The first group outing we took was to Yuyuan Garden (technically “yuan” means garden/park, so the English name is somewhat redundant). It was blazing hot with the Shanghai sun beating down upon us, but that didn’t stop the flocks of tourists from crowding the same narrow streets we wandered down. It is styled in the classic “Chinese” looking architecture, with pointy, tiled roofs and statues of lions and such everywhere. There are shops lining the walkways where you can buy pretty much any souvenir your heart could possibly desire. Moving in a giant group of 20+ people proved challenging throughout the morning as we took the subway and walked along the streets in a hurried mass. After lunch we split up into smaller groups to do our own things. Once I got into the actual garden, it was a little calmer and I could appreciate the traditional Chinese garden aesthetic with white walls, angular designs, scatterings of rocks and ancient trees, pagodas, and, of course, koi ponds (because every Chinese garden has to have water in it, really). We crossed this zig-zagging bridge that wound by a restaurant (or tea house? Didn’t get a good look) on the way to the ticket office (you can get a student discount on most tickets for cultural attractions in China so always check, you’ll thank me later) and it was actually the same bridge as the one on my first-year Chinese textbooks, so I guess that shows you never know where life will take you until you get there. We had fun doing mini-photoshoots in the garden including all the stares my classmates’ foreign looks attracted.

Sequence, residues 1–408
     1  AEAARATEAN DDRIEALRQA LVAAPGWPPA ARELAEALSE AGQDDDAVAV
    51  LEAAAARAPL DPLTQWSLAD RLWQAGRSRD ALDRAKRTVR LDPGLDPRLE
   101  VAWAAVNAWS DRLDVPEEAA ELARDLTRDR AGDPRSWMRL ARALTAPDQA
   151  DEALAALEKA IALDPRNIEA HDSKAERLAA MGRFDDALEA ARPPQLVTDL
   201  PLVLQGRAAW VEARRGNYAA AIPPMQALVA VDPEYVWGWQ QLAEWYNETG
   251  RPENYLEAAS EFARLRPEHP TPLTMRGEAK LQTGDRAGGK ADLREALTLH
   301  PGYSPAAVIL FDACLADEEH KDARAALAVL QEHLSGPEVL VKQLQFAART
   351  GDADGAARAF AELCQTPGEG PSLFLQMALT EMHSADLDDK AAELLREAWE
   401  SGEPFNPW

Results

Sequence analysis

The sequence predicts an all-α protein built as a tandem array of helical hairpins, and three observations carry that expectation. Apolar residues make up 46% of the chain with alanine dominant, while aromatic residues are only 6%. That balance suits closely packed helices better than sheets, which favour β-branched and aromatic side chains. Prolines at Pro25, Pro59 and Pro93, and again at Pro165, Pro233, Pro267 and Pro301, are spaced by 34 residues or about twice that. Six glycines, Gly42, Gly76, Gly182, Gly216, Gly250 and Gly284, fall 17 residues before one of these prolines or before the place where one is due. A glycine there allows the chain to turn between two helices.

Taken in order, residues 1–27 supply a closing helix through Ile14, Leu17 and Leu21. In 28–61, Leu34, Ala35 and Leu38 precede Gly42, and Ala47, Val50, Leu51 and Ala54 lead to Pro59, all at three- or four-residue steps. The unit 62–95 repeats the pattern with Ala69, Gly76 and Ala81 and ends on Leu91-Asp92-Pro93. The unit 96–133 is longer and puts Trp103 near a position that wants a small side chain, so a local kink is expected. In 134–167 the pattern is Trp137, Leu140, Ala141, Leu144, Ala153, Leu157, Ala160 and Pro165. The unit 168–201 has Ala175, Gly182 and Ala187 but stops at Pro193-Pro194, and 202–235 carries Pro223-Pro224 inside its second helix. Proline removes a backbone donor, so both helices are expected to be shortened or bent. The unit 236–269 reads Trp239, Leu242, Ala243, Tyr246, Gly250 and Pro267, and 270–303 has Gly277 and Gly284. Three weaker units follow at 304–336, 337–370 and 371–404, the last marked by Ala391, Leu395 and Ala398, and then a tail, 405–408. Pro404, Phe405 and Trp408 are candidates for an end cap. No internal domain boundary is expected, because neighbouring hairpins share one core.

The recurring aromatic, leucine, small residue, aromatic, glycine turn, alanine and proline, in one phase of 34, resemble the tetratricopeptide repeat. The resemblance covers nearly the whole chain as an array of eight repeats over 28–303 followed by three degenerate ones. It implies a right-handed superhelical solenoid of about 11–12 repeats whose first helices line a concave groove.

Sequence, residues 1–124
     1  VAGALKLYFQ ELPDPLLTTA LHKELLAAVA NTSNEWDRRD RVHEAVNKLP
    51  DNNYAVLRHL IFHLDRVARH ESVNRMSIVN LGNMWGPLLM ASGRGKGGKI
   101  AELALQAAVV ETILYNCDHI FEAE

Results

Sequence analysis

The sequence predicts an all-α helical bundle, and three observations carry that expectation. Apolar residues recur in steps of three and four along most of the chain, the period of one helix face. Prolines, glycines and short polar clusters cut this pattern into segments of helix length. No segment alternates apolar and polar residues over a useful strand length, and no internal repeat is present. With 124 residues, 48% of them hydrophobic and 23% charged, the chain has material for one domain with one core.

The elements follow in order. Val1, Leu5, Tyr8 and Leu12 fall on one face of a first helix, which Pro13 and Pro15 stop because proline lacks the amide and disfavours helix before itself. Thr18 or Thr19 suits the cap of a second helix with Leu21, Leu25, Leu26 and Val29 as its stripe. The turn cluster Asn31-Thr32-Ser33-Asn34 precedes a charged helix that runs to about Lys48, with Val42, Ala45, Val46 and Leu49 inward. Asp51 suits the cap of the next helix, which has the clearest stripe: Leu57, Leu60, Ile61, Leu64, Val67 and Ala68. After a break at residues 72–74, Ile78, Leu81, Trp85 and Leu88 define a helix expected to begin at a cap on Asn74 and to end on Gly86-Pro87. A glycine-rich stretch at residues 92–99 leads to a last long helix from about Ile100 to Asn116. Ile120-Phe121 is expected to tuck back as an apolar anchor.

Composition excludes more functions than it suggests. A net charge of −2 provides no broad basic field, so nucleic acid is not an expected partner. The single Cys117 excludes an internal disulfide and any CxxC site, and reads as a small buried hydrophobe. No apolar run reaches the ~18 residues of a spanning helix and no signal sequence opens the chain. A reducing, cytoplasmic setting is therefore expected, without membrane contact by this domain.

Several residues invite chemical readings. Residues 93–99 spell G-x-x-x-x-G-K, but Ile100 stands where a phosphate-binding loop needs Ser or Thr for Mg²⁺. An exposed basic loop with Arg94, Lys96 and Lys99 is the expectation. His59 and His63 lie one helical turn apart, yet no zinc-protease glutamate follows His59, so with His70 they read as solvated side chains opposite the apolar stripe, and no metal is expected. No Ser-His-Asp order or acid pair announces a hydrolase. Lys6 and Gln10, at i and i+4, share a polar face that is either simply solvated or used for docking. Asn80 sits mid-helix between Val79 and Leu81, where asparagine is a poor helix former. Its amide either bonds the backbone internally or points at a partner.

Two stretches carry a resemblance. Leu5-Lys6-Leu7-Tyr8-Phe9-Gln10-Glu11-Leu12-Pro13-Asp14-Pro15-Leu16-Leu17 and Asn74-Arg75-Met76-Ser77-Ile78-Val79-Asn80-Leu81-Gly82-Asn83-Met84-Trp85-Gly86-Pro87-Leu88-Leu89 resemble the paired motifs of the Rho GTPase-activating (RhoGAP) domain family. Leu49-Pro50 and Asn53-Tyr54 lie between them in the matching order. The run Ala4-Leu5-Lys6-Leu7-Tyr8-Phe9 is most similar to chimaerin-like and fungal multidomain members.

This was a few weeks later and was a full 2+ hours drive away in Suzhou, Jiangsu. It was humid and hot as per usual, but the sky was clear and umbrellas were only needed for sun protection. We had an official tour guide for this trip (his name was Stanley) and we visited some historical sites in the town. Tongli is a “water village” and is built on these canal-type water ways, I even heard someone refer to it as the “Venice of China.” (a bit of a stretch). It is also a popular tourist destination, and the streets were crowded with Chinese and foreign tourists like ourselves (several other tour group flags were spotted throughout the day). We had lunch at this old style place with tables overlooking the water, which was pretty cool (and I’m down for any time we have an organized, family-style meal where they order for us and we get to try the local specialties). After lunch, we took a boat ride down the water way that ran through the heart of the village (like a gondola, but with short roofs) which was lovely and the peace was very welcome after the hurriedness of the morning’s activities. Afterward, we were given the afternoon to ourselves to explore the area and buy souvenirs. Two of my classmates and I decided to try one of the “dress-up” photo services that were scattered along the pathways. They’re similar to those glamour shot studios, except here you pick a “traditional” Chinese outfit (they have an extensive catalog to choose from) and take beauty shots along the waterside and around town with assorted props. I’m not much for buying souvenirs and would rather pay for an experience I can’t get anywhere else. Some of you may be thinking “Isn’t that cultural appropriation though?” and I honestly can’t say where that line gets drawn in this situation since it’s literally the business they make their living off of, but I can say I don’t regret doing it.